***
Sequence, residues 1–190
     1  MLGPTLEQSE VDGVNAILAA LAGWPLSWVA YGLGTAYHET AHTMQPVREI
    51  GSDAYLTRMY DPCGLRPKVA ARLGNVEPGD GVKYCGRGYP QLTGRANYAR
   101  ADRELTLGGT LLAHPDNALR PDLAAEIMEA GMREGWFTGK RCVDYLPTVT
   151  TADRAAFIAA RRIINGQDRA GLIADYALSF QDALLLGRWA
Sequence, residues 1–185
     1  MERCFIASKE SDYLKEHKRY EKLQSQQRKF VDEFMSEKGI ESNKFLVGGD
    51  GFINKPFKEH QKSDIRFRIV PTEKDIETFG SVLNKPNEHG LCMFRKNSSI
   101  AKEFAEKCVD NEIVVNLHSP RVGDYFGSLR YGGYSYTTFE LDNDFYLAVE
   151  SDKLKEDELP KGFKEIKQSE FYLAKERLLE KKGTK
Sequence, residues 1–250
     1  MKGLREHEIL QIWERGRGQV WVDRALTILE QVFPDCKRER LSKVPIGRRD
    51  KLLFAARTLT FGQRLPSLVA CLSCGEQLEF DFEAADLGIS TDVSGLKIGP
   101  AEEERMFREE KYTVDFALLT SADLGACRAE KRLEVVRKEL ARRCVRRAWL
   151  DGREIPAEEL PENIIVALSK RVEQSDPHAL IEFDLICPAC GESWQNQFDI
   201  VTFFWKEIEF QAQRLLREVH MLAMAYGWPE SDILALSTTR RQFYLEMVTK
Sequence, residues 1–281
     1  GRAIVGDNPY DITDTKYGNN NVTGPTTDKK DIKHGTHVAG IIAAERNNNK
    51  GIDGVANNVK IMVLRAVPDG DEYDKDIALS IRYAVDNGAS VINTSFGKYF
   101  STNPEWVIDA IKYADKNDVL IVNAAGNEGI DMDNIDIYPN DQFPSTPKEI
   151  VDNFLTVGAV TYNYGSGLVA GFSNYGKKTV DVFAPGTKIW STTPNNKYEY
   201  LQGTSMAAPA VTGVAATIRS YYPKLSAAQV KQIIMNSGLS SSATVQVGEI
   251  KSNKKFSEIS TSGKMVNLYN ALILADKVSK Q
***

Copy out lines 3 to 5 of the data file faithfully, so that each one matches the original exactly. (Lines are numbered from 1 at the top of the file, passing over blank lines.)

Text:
    51  GSDAYLTRMY DPCGLRPKVA ARLGNVEPGD GVKYCGRGYP QLTGRANYAR
   101  ADRELTLGGT LLAHPDNALR PDLAAEIMEA GMREGWFTGK RCVDYLPTVT
   151  TADRAAFIAA RRIINGQDRA GLIADYALSF QDALLLGRWA